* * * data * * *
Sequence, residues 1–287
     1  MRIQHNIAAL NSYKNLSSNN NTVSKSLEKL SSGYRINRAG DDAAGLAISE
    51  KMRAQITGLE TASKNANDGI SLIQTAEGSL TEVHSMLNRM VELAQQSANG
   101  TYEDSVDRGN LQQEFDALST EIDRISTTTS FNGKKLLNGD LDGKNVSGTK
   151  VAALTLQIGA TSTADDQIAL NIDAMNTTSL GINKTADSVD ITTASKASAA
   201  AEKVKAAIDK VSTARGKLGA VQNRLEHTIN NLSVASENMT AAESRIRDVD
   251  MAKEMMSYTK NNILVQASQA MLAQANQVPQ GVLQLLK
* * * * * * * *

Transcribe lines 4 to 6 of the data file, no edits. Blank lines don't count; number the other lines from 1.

   101  TYEDSVDRGN LQQEFDALST EIDRISTTTS FNGKKLLNGD LDGKNVSGTK
   151  VAALTLQIGA TSTADDQIAL NIDAMNTTSL GINKTADSVD ITTASKASAA
   201  AEKVKAAIDK VSTARGKLGA VQNRLEHTIN NLSVASENMT AAESRIRDVD